The pieces themselves were an absolute delight; both of the artists coupled a brilliantly bold palette of color with dancing, jesting, scowling, and screeching figures, animal and human all at once. Bold lines and clearly-defined shapes.
Charles Haines’s pieces ran a gamut from crowlike harpies moaning against dark skies to skeletal tribal creatures caught mid-scream. All of them juxtaposed definite forms with ambiguous meanings and narratives. Within all his works there lurked a rich darkness that lent the Red Room an atmosphere of dense, bleeding life. Just the perfect scene for our little bouncing vampire.
房耀忠’s bright, popping works provided a perfect foil to the eerie mystery of Haines’s. No less bold with his colors and lines, 房 had all manner of wonky creatures twirling and twisting through his pieces. Cackling horses, guitar kitties, cubist owls, and toothy demons were everywhere you looked, each one a little goofy somehow but no less captivating for it. A penchant for a lighter palette with vivid rainbow colors describes 房’s general aesthetic. Almost cartoonish at times and always playful, his paintings made me fantasize about the bizarre misadventures his characters must have in their bizarre worlds. I felt refreshed.
But of course the best part wasn’t just seeing each artist’s work on a wall. The best part was that the pieces were all mixed together, complimenting each other, breathing life into the space, having, dare I say it, a dialogue. And when you go to the Red Room, you can rest assured that there’s room in that dialogue for you. Room for both music and paintings, for both laughter and blood, for old and new alike.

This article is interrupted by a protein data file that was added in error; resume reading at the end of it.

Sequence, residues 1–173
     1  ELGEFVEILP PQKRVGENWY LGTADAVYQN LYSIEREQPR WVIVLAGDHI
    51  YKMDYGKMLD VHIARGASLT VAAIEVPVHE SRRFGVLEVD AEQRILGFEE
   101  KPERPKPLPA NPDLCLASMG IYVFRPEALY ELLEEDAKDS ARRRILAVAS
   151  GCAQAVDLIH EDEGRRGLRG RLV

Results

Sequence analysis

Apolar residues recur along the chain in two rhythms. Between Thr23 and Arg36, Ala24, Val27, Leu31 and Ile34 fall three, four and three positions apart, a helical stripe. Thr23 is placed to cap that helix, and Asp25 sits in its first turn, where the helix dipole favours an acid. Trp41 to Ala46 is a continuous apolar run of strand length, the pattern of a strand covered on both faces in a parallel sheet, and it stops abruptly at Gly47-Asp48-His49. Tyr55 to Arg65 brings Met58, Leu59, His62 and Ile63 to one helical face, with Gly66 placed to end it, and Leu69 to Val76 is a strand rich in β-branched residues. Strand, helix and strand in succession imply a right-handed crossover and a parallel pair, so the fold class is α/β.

The Red Room is a space for art in Taipei, which is cool. Like, really cool. But what’s really cool is that it’s also the kind of place where a massive cake accompanied by joyous singing suddenly zooms out of the corner and everyone puts down their (delicious) sangrias to join in a rousing rendition of Happy Birthday. It’s the kind of place where you say to somebody, “Wow, that’s a gorgeous shelving unit,” and they respond with “Yeah, you wanna meet the guy who built it? He’s right over there.” Young and old, native and foreign alike all come together, building an intimate environment in which to share their art. People congregate at this kind of place to hear the voices of others, they come here for community.
Last Sunday I saw some beautiful paintings in a gallery. But what made it so special and so memorable was that I also got to meet a cool photographer, jump across cultural and language barriers with local Taiwanese, sip a cold beer, jam to some beats, and laugh with a vampire.
We love to pour over a detailed painting. We love to sit on the edge of our seats in a theater. We love to get shivers from listening to music. But what’s all that art for with no one to share it with? The Red Room is the kind of place where you’ll come for the art and stay for the people. It’s not about them and their art that you came to see. It’s about the us we can build if we take care to make thoughtful exchange happen.
Word on the street is that these paintings are going to be up for the next month-ish, so if you missed the formal showing, you still got time. The Red Room is nothing if not dynamic, and their new space at TAF is perfectly conducive to a whole host of different events and performances. So come on over! Be yourself, have a drink, participate in art, and meet some new friends. It’s always a chill time and their doors are always open. Huge props to all the labors of love that so many have put into it.
I’m not sure what they have coming up next, but I know that whatever it is, I want it in my life. See you there.
Addison Eng is new to Taipei but no stranger to having a great time with good people doing cool things. Drawn to Taiwan from the U.S. because of his passion for learning Mandarin, he’s currently teaching English and attending as much theater, art, and music stuff as he can. He loves cutting loose on stage and is just thrilled to have the chance to join the Red Room community.